Towards more efficient diagnostics

Portable and on-the-spot diagnosis of COVID-19 is the way to curb the pandemic

Towards more  efficient diagnostics

While the rest of the world was completely unprepared to face the COVID-19 outbreak, three countries — Taiwan, Hong Kong and Singapore — used their earlier experience with disease outbreaks to reduce the spread of the virus. This suggests that it is possible to effectively contain the pandemic, even if you are situated close to China. These three countries have rapidly deployed testing, combined with digital surveillance, to trace infected individuals and have put in place strict quarantine for suspected cases. These measures, along with the build-up of large stockpiles of personal protective equipment, allowed them to fight back quickly. The majority of other countries reached the stage of community transmission before adequate testing was in place, including decentralized, point-of-care testing. 

There are two major technologies at present for diagnosis of COVID-19, real-time polymerase chain reaction (RT-PCR) and antibody detection systems. The RT-PCR system is very sensitive and can detect even very low amounts of virus from inside of the mouth or nose. The first RT-PCR tests for COVID-19 were designed and distributed in January 2020 by World Health Organization (WHO). However, the test protocol is very complex, involving sample collection, shipping to a central laboratory, RNA isolation and reverse transcription followed by quantitative PCR. This protocol needs high-end laboratory infrastructure and logistics and has a high turnaround time of minimum of 1 to 2 days at best. 

A similar test based on isothermal amplification-based technologies is under development for COVID-19 diagnostics. The isothermal techniques include recombinase polymerase amplification, helicase-dependent amplification and loop-mediated isothermal amplification (LAMP). Reverse transcription LAMP (RT-LAMP) uses DNA polymerase and four or six primers that bind at distinct regions in the target sequence of COVID-19, making it a highly specific test. In this assay, the patient sample is added to the tube and the amplified DNA is detected by turbidity, color or fluorescence. The challenge with LAMP is that it requires a long time for optimizing primers and reaction conditions.

Limitations of immunoassays

Immunoassays, on the other hand, can provide information about viral exposure and diagnostic evidence. Such serological assay systems detect immunoglobulin G and M (IgG and IgM) from the serum of COVID-19 patients. The antibody test needs to be run on a sample of blood from a patient and is not looking for the virus directly, but at the body’s capacity to produce antibodies against the virus. Not all antibodies are the same or created at the same time during the infection. The antibody IgM is the body’s first response to an infection and is normally produced within 5-10 days after the infection takes hold, peaking at 21 days post-infection. That time frame is very important, because if an individual has just developed symptoms for coronavirus, it will take approximately a week for a person’s body to raise IgM antibodies. Even though, with coronavirus, we have evidence of IgM being present in the blood within 1 day of symptoms, that isn’t going to be a reliable test at that stage as there likely won’t be large amounts of IgM to detect. IgG shows that someone has had the virus and is now protected from it. This can be detected in a patient’s blood around 10-14 days after infection. These limitations make immunoassays less reliable and sensitive. Recently, Indian Council for Medical Research (ICMR) has given a directive to state governments that antibody tests cannot replace RT-PCR testing.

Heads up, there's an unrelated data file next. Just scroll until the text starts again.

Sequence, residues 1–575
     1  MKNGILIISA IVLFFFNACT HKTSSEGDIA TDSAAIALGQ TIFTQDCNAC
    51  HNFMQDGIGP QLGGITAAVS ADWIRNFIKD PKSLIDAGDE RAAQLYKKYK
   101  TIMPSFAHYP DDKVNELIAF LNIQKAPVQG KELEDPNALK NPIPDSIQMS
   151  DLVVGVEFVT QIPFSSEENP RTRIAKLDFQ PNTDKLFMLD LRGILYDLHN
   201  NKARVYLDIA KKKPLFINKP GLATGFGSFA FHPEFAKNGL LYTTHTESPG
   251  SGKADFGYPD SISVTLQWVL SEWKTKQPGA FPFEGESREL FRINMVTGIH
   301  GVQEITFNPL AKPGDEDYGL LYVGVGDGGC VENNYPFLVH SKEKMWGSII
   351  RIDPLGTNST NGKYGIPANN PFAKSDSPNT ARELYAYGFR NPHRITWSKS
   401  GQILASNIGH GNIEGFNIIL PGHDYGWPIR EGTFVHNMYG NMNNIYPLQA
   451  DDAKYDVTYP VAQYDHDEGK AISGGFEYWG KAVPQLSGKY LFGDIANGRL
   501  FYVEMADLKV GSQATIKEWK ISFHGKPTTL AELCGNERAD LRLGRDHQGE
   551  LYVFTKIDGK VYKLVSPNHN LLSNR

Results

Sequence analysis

Integration of decentralised testing

Neither RT-PCR nor immunoassays are going to be solutions to combat this pandemic. However, the latter is faster and delivers results within 20-60 minutes. At a later stage, flow immunoassays can be mass manufactured and can be used by trained personnel. In case of this virus, the spike protein (S) facilitates entry of the pathogen into airway epithelial cells by binding to the angiotensin-converting enzyme 2 (ACE2) expressed on these cells. 

Companies like Neuome Technologies Pvt. Ltd., in collaboration with Institute for Applied Research and Innovation (India), and GE Life Sciences, in collaboration with Halifax and Sona Nanotech from the USA, are focusing on developing lateral flow assay systems to detect the virus by exploiting the above mechanism. These technologies will be able to directly measure actual viral particles in concentrations as low as 30 particles, in as little as 5-10 minutes, and can be used on-the-spot. They will be similar to a pregnancy strip test, but will use a buccal swab or saliva for detection. This technology will help in identifying even asymptomatic individuals in the early stages of infections. As it does not need any instrument, it can be deployed even in remote areas, at ports of entry (such as airports), for soldiers, social gatherings, malls and other places. Such integration of decentralised testing with epidemiological surveillance would go a long way in enabling public health authorities to reduce the spread of the infection.  

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